Expert interview: How to scale Django

Eventbrite's John Shuping and Simon Willison reveal all about scaling Django, the Python Web framework developers love

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Willison: This is another difference between Lanyrd and Eventbrite. At Lanyrd we can throw the site into read-only mode for an hour and it doesn't cause problems, whereas Eventbrite sells tickets. An hour of not being able to sell tickets to people is not good for us and not good for the event organizers that rely on our platform.

Shuping: One random, supertechnical anecdote you guys reminded me of is that I think Django was historically more oriented toward PostgreSQL. We learned we needed to know how the replication is done: Is it row-based replication or statement-based replication? PostgreSQL operates by default in a row-based mode, and with our investigating those slave-lag issues, we found that MySQL defaults to statement-based replication when in fact Django prefers row-based. By switching MySQL to row-based replication, we minimized the lag issues.

Freeman: What else helps you scale?

Willison: I'd say one of the most crucial techniques, and the technique that certainly gives you the most payback for time invested, is to have a good feature-flag system. We built our own at Lanyrd, and Eventbrite uses an open source feature flag system (Gargoyle). This gives you an enormous amount of power and flexibility in managing a complex site.

Feature flags essentially are a way of saying features can be turned on or off across the whole site, or they can be turned on for specific users. You can say our internal users can access this feature at the moment while we're testing it, or our outer testing group, or turn a feature on for these couple of large-scale events. We use both for Lanyrd and Evenbrite, and we use these everyday. Almost every piece of code that we write ends up hidden behind a feature flag at one point or another.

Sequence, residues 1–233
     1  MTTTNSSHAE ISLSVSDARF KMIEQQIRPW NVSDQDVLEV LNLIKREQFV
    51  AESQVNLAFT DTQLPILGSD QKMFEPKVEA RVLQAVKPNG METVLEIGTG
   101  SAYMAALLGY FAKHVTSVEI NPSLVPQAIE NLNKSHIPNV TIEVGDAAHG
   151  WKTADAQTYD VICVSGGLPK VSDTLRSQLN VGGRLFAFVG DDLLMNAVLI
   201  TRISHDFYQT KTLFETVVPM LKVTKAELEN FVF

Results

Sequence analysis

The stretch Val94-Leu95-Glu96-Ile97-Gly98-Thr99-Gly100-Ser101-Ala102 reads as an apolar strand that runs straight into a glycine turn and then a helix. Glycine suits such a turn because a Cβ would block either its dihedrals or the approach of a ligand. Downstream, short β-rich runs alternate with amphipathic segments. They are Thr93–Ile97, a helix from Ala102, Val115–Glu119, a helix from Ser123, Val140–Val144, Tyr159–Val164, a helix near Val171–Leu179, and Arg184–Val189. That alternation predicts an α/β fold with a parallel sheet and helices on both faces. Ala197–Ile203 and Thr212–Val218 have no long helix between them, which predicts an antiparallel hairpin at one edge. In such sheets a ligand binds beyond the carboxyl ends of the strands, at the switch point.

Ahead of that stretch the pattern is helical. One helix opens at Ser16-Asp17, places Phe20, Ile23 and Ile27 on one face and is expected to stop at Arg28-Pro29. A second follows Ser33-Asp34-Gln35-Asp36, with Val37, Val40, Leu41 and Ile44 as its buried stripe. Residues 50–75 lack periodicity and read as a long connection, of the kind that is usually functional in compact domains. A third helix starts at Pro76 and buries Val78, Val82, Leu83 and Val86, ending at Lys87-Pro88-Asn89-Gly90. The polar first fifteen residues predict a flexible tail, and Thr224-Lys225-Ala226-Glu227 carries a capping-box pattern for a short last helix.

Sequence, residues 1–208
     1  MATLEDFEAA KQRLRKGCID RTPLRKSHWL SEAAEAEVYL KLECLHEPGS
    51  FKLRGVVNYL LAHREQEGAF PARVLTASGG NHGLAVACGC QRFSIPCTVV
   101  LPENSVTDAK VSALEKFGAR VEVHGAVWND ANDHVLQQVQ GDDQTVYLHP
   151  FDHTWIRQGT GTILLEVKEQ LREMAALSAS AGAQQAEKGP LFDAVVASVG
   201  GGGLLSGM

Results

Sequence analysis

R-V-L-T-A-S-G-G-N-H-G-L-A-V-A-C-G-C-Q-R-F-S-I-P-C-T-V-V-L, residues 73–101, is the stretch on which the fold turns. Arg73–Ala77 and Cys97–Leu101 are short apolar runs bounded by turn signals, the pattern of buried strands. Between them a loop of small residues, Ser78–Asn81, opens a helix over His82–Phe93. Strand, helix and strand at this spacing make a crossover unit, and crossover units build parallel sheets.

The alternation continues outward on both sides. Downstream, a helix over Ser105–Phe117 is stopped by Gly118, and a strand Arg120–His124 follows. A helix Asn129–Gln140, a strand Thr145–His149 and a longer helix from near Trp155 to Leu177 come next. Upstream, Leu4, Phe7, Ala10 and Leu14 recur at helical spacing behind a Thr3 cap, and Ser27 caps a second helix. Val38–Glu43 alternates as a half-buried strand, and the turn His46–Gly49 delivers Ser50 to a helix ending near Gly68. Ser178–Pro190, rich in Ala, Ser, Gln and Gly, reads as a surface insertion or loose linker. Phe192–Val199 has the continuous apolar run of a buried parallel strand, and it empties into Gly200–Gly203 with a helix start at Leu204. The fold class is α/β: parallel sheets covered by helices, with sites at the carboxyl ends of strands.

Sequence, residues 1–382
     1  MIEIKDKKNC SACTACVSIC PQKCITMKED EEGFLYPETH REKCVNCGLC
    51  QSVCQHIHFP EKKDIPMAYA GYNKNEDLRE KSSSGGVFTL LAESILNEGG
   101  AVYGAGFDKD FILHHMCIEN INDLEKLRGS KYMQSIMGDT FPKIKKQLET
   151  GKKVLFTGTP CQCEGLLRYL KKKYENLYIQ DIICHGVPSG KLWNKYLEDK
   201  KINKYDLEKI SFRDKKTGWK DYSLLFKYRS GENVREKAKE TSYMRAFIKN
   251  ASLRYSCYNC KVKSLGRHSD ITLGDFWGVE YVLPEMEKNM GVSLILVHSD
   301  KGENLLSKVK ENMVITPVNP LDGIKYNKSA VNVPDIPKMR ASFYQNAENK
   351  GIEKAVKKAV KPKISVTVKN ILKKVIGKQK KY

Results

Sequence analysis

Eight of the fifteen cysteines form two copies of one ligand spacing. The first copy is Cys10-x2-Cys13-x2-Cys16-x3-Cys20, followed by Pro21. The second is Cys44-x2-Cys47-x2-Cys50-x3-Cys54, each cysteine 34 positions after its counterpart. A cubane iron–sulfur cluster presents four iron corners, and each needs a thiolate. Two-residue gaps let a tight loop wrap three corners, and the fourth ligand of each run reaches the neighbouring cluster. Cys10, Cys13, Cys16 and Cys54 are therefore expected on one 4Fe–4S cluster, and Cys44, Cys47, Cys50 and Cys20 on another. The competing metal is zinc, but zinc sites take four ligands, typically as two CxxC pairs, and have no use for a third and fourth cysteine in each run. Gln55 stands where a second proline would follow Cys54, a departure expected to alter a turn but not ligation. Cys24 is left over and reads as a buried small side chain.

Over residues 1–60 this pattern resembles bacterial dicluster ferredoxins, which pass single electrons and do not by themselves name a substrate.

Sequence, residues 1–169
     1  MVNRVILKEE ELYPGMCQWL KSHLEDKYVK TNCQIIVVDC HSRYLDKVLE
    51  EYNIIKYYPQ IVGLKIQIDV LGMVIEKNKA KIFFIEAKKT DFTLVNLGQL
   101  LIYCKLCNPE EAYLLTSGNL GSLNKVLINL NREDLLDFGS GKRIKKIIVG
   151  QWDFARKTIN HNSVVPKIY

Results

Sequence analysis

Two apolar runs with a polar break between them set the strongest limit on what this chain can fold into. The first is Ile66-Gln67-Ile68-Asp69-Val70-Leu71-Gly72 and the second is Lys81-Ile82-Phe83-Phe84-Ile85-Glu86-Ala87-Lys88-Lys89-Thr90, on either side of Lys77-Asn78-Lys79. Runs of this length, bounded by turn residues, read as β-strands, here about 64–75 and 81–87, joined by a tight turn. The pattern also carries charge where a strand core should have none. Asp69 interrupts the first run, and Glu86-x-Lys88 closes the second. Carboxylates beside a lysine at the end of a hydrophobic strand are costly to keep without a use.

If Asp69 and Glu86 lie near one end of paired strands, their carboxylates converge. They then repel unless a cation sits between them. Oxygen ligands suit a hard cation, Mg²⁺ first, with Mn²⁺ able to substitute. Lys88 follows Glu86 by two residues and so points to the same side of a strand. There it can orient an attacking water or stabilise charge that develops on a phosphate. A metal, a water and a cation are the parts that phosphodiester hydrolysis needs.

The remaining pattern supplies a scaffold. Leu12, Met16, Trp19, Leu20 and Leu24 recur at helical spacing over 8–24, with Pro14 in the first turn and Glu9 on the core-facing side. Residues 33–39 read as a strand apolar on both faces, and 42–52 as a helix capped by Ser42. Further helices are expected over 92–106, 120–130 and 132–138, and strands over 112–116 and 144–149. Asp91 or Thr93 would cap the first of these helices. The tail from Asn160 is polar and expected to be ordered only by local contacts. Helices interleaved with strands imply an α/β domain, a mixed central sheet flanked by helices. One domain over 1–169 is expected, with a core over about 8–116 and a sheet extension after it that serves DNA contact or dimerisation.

It's fantastic for scaling your development process as well. It means that rather than your developers working in month-long feature branches and having a complete nightmare when they try and merge that into master, feature branches tend to exist up until the point at which a feature flag is in place. Then they can be merged back into the main code base. Your code is constantly being exercised, and it's visible to all the other engineers in the company.

It also means that launches are much less stressful. With a big launch of a new feature, you have to do a big deploy to turn the feature on and you have all the normal worries around making a major code deploy. With feature flags, you deploy your code the night or the week before. Then on launch day, all you have to do is flick the feature on, and it becomes available to your audience. It also means that rolling back is much easier because you can turn the feature off; you don't have to do a major rollback procedure if something goes wrong.

Shuping: We've added something on top of that called the "experiments framework." You can enable a feature flag for some percentage of users, so we've instrumented this in a way that we can conduct A/B tests behind feature flags. If we have a new feature and want to test it against an old feature, we enable this flag in such a way that it does an A/B test for us and allows us to go and see the result later.

Freeman: You can then adjust the feature or roll it out to more users, based on the results.

Willison: From talking to people who run large-scale websites, this technique is increasingly common. If someone's not running feature flags on their project, it's one of the first things I suggest they do. It makes such a huge difference to your productivity, your teamwork, and your level of confidence that you're able to control the code you're rolling out.

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